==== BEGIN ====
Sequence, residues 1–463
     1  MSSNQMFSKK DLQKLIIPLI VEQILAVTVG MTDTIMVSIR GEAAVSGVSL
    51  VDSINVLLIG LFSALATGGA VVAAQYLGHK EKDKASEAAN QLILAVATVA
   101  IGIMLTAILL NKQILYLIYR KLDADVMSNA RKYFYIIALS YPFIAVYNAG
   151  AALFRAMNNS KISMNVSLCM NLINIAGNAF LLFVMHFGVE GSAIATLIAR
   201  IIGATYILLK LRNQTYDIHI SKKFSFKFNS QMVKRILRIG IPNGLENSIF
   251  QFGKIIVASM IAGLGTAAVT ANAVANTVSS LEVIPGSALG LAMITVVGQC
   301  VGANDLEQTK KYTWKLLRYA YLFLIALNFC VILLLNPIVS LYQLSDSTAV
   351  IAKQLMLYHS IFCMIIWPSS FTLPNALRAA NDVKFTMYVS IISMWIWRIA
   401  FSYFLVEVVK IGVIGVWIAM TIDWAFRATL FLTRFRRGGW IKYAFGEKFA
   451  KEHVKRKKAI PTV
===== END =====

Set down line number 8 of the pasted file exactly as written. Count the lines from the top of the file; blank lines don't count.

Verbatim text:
   301  VGANDLEQTK KYTWKLLRYA YLFLIALNFC VILLLNPIVS LYQLSDSTAV